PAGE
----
57. A Streetcar Named Desire (1951)
In 1947, playwright Tennessee Williams had written a new play about greed, passion, secrets and rape. It was called A Streetcar Named Desire and from its debut performance it was a theatrical legend. The play opened on Broadway in late 1947 and was directed by Elia Kazan, who simultaneously was garnering praise (and courting controversy) as a film director with Gentlemen's Agreement. The original Broadway cast was full of virtual unknowns. Jessica Tandy, Karl Malden and Kim Hunter had all had brief roles in plays both on and off-Broadway. The leading man was hand-picked by Kazan out of Lee Strasberg's famed Actors Studio, a 24-year old Marlon Brando. He brought an intense, carnal nature to the role of Stanley Kowalski so much so that Williams himself was purported to be in love with him. The story of the faded Southern belle Blanche DuBois, her manipulation of Stella (her sister) and her descent into madness (driven their by her brother-in-law Stanley) resonated with audiences. The play was a massive success on Broadway (and subsequently on National Tour and in London) that Hollywood soon came calling.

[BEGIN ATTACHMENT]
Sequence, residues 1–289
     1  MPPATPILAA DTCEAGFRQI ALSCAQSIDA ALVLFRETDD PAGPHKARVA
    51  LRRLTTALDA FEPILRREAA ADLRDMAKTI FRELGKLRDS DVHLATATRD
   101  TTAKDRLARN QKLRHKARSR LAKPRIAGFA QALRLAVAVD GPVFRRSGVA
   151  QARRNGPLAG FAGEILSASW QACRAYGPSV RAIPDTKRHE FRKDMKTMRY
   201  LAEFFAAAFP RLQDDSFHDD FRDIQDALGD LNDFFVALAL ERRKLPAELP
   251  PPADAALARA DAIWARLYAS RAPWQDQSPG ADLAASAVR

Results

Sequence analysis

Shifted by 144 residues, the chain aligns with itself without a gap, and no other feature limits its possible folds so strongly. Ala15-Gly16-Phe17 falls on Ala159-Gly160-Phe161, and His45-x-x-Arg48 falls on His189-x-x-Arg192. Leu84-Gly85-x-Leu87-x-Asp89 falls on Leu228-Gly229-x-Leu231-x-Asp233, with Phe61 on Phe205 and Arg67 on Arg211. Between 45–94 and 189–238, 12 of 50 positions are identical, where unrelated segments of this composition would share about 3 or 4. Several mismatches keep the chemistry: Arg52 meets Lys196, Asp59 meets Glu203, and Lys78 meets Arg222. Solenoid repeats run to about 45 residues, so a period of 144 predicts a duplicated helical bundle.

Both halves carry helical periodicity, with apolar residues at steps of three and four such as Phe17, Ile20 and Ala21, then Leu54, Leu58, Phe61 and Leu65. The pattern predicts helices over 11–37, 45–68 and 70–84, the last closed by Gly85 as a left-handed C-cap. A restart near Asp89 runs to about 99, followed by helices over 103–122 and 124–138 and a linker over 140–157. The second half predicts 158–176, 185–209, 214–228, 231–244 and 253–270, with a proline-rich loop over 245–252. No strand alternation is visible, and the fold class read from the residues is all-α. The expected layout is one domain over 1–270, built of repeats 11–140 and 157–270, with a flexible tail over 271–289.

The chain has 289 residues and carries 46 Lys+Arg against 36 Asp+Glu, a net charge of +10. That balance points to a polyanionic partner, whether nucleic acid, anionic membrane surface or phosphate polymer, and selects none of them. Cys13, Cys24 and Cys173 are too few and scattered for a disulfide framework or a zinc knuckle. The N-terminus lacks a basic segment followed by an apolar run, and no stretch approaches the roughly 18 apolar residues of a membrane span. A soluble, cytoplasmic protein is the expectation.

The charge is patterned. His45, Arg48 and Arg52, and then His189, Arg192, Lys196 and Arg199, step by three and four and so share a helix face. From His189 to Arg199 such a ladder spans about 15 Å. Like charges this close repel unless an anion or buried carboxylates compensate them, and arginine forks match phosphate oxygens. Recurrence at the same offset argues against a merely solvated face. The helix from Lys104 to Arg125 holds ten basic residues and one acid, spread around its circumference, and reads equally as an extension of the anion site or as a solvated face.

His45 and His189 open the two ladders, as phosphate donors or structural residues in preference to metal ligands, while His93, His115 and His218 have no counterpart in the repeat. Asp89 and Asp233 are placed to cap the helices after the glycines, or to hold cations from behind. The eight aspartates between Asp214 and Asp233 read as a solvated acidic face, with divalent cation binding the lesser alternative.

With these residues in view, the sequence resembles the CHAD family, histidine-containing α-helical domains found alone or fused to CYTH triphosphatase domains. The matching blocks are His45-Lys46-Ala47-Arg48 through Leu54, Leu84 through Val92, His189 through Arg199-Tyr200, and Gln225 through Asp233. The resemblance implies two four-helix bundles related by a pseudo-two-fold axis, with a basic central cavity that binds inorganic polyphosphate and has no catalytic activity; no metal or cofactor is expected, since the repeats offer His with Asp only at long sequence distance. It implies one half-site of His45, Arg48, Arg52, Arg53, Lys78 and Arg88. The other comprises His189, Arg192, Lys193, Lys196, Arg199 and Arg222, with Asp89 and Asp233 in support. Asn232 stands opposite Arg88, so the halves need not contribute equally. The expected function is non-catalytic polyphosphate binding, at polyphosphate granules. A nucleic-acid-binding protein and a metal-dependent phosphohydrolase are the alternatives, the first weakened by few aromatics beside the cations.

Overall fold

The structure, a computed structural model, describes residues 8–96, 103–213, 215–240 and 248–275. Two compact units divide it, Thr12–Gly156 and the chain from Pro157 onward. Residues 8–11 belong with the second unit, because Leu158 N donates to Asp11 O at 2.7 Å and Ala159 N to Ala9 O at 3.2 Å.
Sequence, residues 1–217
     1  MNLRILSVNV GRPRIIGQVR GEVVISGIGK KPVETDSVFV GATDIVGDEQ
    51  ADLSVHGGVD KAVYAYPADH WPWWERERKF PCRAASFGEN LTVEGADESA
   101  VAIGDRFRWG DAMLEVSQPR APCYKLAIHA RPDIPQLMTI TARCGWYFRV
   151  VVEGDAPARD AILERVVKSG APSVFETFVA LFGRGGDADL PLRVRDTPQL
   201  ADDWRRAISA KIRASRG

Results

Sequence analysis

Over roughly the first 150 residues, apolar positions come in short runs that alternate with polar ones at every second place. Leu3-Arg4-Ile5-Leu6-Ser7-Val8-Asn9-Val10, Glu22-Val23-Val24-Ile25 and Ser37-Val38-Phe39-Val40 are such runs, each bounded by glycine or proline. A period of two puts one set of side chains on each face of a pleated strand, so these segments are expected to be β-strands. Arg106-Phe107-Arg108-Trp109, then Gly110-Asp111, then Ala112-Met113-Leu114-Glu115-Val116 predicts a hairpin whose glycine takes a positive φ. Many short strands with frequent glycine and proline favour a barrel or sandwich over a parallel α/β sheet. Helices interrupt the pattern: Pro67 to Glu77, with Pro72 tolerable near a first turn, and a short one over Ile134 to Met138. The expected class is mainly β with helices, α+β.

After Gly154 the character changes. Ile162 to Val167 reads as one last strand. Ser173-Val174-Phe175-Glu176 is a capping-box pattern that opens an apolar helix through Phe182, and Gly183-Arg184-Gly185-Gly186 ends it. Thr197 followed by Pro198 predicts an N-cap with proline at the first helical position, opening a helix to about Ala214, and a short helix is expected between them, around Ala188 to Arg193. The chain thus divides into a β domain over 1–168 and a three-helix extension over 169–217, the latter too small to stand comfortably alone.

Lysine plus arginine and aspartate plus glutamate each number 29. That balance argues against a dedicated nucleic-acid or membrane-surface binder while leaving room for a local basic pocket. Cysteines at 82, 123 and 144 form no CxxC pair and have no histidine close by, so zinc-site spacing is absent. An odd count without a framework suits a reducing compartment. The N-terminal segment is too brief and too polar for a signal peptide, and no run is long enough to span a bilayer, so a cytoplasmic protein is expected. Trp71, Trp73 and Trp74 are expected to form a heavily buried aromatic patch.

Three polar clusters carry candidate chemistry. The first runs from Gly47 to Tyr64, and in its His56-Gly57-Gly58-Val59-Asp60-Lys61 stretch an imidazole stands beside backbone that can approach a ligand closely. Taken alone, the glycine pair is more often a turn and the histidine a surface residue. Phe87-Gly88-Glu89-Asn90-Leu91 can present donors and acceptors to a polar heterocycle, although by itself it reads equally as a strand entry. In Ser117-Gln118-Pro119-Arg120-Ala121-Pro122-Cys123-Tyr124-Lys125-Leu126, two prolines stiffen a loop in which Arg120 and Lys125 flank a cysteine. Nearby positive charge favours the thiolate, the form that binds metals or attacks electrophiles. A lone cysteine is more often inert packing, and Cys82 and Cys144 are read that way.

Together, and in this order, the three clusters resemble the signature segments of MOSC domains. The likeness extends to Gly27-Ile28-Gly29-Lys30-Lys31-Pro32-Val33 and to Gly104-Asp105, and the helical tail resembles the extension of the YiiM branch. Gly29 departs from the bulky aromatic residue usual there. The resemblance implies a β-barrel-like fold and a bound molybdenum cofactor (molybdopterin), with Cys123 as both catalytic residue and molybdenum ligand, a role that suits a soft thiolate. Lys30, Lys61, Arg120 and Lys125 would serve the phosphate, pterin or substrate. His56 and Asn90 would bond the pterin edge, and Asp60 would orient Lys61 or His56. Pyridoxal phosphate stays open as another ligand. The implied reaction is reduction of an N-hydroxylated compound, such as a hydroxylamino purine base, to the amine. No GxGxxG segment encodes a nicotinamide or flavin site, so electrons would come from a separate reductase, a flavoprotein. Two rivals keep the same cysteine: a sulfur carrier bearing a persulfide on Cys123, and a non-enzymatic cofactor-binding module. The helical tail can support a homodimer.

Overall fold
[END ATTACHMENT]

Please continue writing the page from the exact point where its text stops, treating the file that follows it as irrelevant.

In 1951, the Warner Brothers studio purchased the film rights to the play and insisted on retaining the same director (as Gentlemen's Agreement had swept the Oscars in 1948). In casting, Kazan fought for his entire Broadway cast, but only Brando had made a film between the Broadway opening and the beginning of filming (Brando starred in The Men in 1950). So, to obtain "name value" for the film, the studio decided that Oscar winner Vivien Leigh (Scarlett O'Hara in Gone With the Wind) should play tragic heroine Blanche DuBois (as she had in the London production directed by her husband, Sir Laurence Olivier). Both Karl Malden and Kim Hunter were asked to repeat their stage triumph while Jessica Tandy (who had won a Tony Award for her role) was left in New York. Vivien Leigh does, however, bring a charm and fervor to the role of Blanche and is just perfect in this film (the final scene is one of her best moments onscreen). Brando brings the same power and intensity he must have brought to his stage rendition of Stanley. Kazan and Williams do their very best to stay faithful to what had been done on stage (though because of Production Codes, Williams was forced to change a couple aspects of his script). Leigh, Malden and Hunter (the latter two are just as amazing in their respective roles) each won Academy Awards for their performances. And Brando's performance, though it did not win an Oscar, is full of iconic moments (Hey Stella!!!!!). It is a perfect film adaptation of one of the greatest American plays.
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